Spring 2013 | Couple of Unfortunate Incidents from Makalu and Everest

Last week, when first summits of the season were reported on Makalu, the details about expedition and summiteers were less known. Later on Don Bowie, Canadian/American climber who has just started his Makalu quest, shared some details about "Success and Tragedy" on Makalu. It was reported that a Chinese climber Xiang Yang-Liu died during descent.

Bowie writes that, "four people claim reaching the summit of Makalu: Azim Gheichisaz of Iran, Mr. Chun Feng-Yang of China, Mr. Xiang Yang-Liu of China, and Lapka Dendi Sherpa of Nepal. I personally viewed Azim’s photos and can testify that he, Mr. Chun Feng-Yang, and Dendi Sherpa made the true summit- with Azim making the entire ascent without bottled O2." and "I regret to report that Mr. Xiang Yang-Liu died in a fall on the descent from the summit. My heartfelt thoughts and prayers go out to his friends and family."

Makalu - route to the top; Source


Death of a climber fighting the big mountains and extreme conditions is always saddening and appears even more tragic when he has already achieved the summit. May the departed soul of Mr Liu rest in peace.

Another disturbing incident happened on Mount Everest, past weekend. A fight between Sherpa team fixing ropes on Lhotse Face and No2Limits Expedition members (Simone Moro, Ueli Steck and Jonathan Griffith), followed by the latter being attacked by a crowd of Sherpas threatening the lives of elite climbers is catching a lot of media attention. The official press release from Simone Moro team can be read here. Resources closer to Sherpas also suggest a similar account with slight change in details.

On Lhotse Face, earlier this season.
Simone Moro and Ueli Steck, joined by videographer Jon Griffith, are attempting a different route on Everest this spring, without oxygen and support. As part of acclimatization process, they had previously spent nights in C2 and climbed to West Shoulder (7500m). On current trip, they were heading up Lhotse Face on traditional South Col route. Most of climbers and guided expeditions take this route to Everest summit. A group of Sherpas do the labor of rope fixing and higher camps establishment for them. Skilled climbers like Simone and Ueli are not always dependent on fixed ropes. On current occasion too, they were climbing freely.

On 27th April, when Simone, Ueli and Jon started climbing Lhotse face to reach their tent slightly below traditional C3, Sherpas were busy in fixing the route. The western trio remained at a distance for rope fixing team and tried to step over rope at 7200m, to reach their tent on opposite side. Things took a bad shape at this point, as harsh words and even fists were shared between two teams. Stance of two teams slightly varies on what exactly triggered the fight. Incident is still under investigation.

After the fight on Lhotse face, all Sherpas halted the rope fixing and immediately descended to C2. But when Simone and team returned to C2, it’s reported that around 100 Sherpas attacked them with knives and stones. Simone and Jon remained unhurt, but Ueli Steck received some injuries on his face. The crowd was calmed after the intervention of other climbers at C2. Simone and his fellows “were told that if they weren't gone in one hour that they would all be killed.” [wrote Simone's team.]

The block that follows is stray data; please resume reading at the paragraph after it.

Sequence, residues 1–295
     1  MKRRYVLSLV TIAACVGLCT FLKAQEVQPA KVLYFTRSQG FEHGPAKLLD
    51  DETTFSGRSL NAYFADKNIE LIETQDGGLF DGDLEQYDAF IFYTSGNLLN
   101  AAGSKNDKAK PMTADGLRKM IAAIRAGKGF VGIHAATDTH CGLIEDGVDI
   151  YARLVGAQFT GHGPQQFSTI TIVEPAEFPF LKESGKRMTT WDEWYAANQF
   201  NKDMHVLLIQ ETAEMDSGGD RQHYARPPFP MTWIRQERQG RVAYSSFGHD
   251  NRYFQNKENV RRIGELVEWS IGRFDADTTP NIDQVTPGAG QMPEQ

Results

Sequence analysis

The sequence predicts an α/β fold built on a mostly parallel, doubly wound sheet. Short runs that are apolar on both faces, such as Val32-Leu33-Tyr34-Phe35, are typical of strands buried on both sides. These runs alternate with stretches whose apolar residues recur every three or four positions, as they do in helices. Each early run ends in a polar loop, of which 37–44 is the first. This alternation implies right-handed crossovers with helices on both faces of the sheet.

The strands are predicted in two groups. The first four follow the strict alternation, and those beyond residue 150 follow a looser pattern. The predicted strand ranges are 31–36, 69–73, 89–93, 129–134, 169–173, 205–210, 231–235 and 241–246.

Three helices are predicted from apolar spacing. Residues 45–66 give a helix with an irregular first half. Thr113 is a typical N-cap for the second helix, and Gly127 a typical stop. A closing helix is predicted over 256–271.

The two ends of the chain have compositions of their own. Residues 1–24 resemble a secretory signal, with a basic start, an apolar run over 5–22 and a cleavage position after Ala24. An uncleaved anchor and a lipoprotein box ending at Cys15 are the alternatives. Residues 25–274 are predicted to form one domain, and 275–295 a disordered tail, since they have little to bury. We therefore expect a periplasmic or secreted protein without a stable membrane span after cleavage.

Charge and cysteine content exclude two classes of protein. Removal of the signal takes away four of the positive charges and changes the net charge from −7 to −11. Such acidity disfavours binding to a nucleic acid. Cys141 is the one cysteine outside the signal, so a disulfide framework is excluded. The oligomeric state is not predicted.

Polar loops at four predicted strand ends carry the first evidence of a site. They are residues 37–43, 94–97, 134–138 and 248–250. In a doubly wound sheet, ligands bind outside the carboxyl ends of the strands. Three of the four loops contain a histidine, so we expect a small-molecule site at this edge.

Simone, Ueli and Jon descended to BC via a different route through western cwm and ice fall avoiding any interaction with Sherpas. Crossing western cwm and icefall without fixed route is a tough and dangerous. Even with fixed ropes and ladders most of climbers rate it as one of the toughest sections on South Col route. It’s said that Ueli Steck was moved to a hospital in Kathmandu and is doing well. He’d probably leave the expedition and fly back to home, soon. [Edit: Latest reports suggest Ueli is back to BC.] Whereas Simone Moro is still at BC and would plan further depending upon security situation. The official version of incident might appear only once investigations are complete.

Simone Moro and Ueli Steck; Source

The incident is making 'interesting' headings in mainstream media, which is quite unfortunate. Sources in mountaineering are tagging it as clash of cultures (the commercial expeditions and professional climbers with 'pure' approach). Rifts between climbers with different climbing approaches are understandable but incidents like this, endangering other's lives are unacceptable. Let's hope situation eases up and climbers proceed with their desired climbs. Following the incident most of the teams avoided moving up or down, yesterday.

Edit: Ueli Steck has released the press statement, with a more thought-provoking ending. He writes:-
"The three climbers feel that they don't believe that their actions were the reasons behind such a mass attack. They believe that the reaction was from a far more deep rooted and long term problem, which is the way that Nepalese feel treated by Westerners on the mountain and this was an uprising against that. The three climbers are completely independent and not part of any commercial expedition."

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